Judith Wright Essay

1246 Words Sep 6th, 2011 5 Pages
Judith Wright is a prominent figure in Australian literature, as well as an environmentalist and social activist. This plays a major role in her various collections of poems, where she explores both national and personal concerns. These include her fight for Aboriginal land rights, as well as personal experiences such as pregnancy and motherhood. Through her poetry, Wright is able to give voice to the interest of social groups who are often denied one. Wright’s poem “Woman to Child” primarily focuses on very personal matters. An intense lyric style is used to convey the process of childbirth and her view on motherhood. These concerns are represented through techniques such as persona, figurative language, structure and rhythm. The use …show more content…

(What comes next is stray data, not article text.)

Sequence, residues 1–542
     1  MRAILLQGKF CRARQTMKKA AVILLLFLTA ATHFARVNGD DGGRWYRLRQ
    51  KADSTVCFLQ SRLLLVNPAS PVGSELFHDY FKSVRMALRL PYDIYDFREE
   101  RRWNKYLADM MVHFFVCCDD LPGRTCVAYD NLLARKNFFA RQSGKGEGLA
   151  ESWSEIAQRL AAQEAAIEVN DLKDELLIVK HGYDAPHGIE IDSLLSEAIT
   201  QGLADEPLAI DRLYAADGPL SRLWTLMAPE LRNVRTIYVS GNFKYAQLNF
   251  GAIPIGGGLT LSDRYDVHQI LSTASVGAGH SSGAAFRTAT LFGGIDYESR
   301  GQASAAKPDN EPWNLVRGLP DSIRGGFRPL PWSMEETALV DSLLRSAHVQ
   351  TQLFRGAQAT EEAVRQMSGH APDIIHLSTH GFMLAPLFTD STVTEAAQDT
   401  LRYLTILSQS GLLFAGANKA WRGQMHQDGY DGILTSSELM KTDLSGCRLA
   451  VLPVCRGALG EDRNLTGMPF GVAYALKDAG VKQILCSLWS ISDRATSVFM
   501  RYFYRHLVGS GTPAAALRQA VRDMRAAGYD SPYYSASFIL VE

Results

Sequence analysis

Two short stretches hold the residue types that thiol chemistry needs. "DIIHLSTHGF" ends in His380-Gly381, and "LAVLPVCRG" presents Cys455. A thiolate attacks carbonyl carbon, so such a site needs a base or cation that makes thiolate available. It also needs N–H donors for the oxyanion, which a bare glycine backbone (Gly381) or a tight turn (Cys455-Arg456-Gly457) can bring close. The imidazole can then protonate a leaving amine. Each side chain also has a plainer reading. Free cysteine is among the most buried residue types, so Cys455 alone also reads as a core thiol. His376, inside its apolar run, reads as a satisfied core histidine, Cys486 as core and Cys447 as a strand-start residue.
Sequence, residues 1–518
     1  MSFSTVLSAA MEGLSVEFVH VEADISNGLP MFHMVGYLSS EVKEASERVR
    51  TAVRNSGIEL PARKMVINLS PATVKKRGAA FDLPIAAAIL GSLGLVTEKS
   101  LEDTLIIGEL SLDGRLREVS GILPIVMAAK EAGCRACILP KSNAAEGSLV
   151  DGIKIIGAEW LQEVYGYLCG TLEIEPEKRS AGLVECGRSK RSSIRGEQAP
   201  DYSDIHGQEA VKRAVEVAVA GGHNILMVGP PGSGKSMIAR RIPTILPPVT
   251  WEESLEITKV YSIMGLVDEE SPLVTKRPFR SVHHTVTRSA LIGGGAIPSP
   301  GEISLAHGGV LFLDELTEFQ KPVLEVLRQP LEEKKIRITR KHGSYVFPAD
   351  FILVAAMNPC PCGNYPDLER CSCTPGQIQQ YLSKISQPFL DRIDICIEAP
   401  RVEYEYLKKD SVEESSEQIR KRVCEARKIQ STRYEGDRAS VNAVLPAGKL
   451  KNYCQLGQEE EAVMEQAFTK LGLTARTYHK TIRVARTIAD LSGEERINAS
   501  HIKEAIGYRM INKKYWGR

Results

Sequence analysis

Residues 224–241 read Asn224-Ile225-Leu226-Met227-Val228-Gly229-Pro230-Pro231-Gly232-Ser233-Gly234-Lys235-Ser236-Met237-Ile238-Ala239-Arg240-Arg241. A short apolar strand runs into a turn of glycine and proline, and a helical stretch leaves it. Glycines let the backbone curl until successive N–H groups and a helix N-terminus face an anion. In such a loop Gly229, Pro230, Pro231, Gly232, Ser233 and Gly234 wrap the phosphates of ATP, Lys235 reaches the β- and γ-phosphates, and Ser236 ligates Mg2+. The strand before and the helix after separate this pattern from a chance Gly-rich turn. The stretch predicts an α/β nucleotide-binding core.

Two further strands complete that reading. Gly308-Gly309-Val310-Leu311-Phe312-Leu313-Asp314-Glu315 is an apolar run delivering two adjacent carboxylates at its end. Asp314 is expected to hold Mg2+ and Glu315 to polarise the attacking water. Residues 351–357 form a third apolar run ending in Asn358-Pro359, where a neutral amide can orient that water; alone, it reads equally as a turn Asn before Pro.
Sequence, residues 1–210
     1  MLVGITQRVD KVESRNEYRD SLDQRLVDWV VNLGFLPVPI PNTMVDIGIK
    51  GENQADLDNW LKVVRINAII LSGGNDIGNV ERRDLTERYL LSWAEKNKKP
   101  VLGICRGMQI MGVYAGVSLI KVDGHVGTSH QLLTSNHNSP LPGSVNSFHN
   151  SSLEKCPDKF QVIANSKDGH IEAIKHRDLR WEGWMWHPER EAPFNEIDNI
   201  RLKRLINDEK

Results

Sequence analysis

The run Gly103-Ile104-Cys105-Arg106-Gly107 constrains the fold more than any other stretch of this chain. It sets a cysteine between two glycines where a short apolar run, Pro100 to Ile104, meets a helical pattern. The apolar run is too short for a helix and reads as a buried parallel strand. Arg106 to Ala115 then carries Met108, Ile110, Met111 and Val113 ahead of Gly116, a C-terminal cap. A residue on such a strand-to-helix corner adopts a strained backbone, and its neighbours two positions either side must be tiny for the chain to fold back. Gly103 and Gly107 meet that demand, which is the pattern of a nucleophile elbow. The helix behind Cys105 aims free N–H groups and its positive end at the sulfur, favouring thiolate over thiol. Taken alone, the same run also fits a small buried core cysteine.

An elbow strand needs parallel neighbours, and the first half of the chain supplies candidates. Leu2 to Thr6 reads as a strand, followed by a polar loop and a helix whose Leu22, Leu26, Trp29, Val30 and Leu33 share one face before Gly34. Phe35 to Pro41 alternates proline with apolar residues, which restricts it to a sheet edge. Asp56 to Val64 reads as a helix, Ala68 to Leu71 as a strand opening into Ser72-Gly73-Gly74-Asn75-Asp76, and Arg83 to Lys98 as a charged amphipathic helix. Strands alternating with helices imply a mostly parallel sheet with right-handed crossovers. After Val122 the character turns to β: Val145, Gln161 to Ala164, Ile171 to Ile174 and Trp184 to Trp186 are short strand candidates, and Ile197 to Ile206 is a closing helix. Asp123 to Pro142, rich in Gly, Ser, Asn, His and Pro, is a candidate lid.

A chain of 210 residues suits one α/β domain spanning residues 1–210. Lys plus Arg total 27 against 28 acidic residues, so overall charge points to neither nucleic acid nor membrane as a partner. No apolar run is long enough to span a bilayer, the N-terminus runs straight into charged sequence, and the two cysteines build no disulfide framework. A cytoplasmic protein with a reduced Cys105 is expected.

She has created an offspring that means the world to her and this has been a wonderful experience. The repetition of ‘I am’ and the use of metaphor emphasise the feelings of joy. Rhythm and sound techniques also contribute to the overall effect of this lyric poem. The iambic tetrameter, and regular rhythm, symbolise a steady pulse or heartbeat. The process of creating new life is conveyed more effectively. Sound techniques also play an important role in highlighting childbirth. Sibilance used in “you shall escape and not escape”, slows down the rhythm and emphasises the slow process of birth. With the use of various techniques, Wright expresses the pleasant and wonderful processes of pregnancy and childbirth that women are able to experience. This is a quite different view of the supposedly long and laborious process. One critique remarked: “Judith Wright's success in translating human existence into poetry has resulted in a rich creation of exuberant expression and sincerity.” (Ravenscroft, 2008) Unlike many other texts in the forties to fifties dominated by public and social issues, “Woman to Child” has a very private subject matter. Wright lived in a time where women were denied a voice in society with the onset of third wave feminism approaching in the sixties. She was one of the first writers to express her femininity, and her personal concerns were clearly developed in this
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